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I'm new to conceptart.org, so I apologise if I'm posting this in the wrong area.
This is a painting based on a reference image that took me over an hour to complete. I'm having trouble figuring out exactly what's "wrong" with it. A little help would be greatly appreciated.
Last edited by Jander; July 23rd, 2014 at 01:41 PM.
The main thing that's wrong is that the lips are out of perspective. They're drawn more like they're facing towards the viewer, whereas they should be pointing more away, off to the right.
The shape of lips in perspective is actually kinda complicated. See the section Minor Planes in Proko's How to Draw Lips tutorial for an exaggerated version, showing and explaining overlap (and the rest of the tutorial for a better sense of lips in general).
There's also some odd shadows that e.g. indicate indentation when I'm guessing there isn't any (between the eyebrows/upper part of nose -- reads a little more like dirt because you use black to make that shadow), which suggests you're not super familiar with facial structure (like planes of the face, Reilly method, facial anatomy and perspective, etc.), so that might be worth studying up on.
Even if you're just copying a reference photo, it's still useful to have a good understanding of the structure you're copying. Makes it faster to see and use the information in the reference photo, especially if some part of the photo is unclear or distorted.
Plus, building up a drawing from a reference photo like you would do it for an imaginative drawing (i.e. structurally) I'd guess is good practise (depending what you want to practise).
In addition to Lulies excellent advice I would also point out that since you are using a digital program there are two exellent tools that you can use.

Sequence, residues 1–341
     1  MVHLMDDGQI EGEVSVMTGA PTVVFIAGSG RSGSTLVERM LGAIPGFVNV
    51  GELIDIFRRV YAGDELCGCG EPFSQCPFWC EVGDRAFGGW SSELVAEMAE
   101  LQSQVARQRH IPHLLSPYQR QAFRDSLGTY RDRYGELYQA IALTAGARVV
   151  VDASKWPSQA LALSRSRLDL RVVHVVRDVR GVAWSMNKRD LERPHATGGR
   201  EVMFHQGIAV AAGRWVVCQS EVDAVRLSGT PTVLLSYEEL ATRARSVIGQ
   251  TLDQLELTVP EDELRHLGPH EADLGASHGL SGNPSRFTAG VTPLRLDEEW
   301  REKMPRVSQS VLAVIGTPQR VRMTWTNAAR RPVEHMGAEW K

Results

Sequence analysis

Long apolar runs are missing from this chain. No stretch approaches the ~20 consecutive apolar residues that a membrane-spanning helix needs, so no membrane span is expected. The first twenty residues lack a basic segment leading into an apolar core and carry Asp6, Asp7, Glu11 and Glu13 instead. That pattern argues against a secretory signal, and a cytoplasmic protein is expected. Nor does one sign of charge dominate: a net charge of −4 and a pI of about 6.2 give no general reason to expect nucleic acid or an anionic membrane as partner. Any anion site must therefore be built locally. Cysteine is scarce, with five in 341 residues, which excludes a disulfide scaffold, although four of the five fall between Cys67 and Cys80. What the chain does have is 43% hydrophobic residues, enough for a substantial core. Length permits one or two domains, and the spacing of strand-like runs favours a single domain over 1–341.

The first one is to regularly flip the canvas to a mirror image. It is a great help to spot things like if the features has become skewed or missaligned.
The other is to convert a colured image to black and white. It helps you see if your values are flat.
It also helps to squint your eyes. The reason for this is because it is very easy to be blinded by the details. The picture as a whole and how the forms read is by far more important than the details.
My sketchbook http://www.conceptart.org/forums/sho...d.php?t=128951
Thanks for the help you guys!
I redid the portrait, this time paying closer attention to the values as well as the overall structure of the face. Though I found the Reilly method to be quite useful for getting the structure down I still had far too much difficulty simplifying the face into basic forms.
Yeah. I spent quite a bit of time on that portrait but I was only making it worse and worse until I finally gave up. I really need to work on my understanding of the structure of the face. Do you know of any good websites with reference images?
I will. Thanks again for all the help.
in the second picture her eyeballs look unnatural. her hair also needs blending. apart from that i really like it
Here's what I meant about the lips -- I exaggerated to try to make the structure a bit clearer:
'Symbolic' means: there's an inclination people have to draw stuff from the easiest/most symbolic angle, like almond eyes and viewed-from-the-front lips.
Even if you weren't going symbolic and were just copying the lines as you saw them, you weren't thinking of the 3D structure, so missed some details which made it look symbolic and front-on. I put a lot more information in my redline than it's easy to see from the photo alone.
This is why it's useful to either draw from life, or learn structure drawing: photos lack information about the 3D space. It can be really difficult to see subtle overlap and perspective in just a photo.
The stock photo section of deviant art is a very useful resource, a lot is poor but there are some professional photographers who create stock as a service to the community e.g.: http://mjranum-stock.deviantart.com/gallery/
You'll have to register for a free account to see his pics as there are a lot of nudes.
Also, take a look at your colors in the background. I liked the green you had at first because it's about the same saturation level and has the same undertone as Karen Gillan. The bright purpley color in the second version looks very out of place because it doesn't appear anywhere else in the picture. The blue is a bit much also; you don't have blue tones anywhere else, whereas the green you had earlier would go with her tie and walkie talkie.
Alright, I'm taking note of all your comments as well as reading through some Andrew Loomis books. Hopefully I'll have more portrait studies uploaded by the end of this week. Thanks everyone for all the help!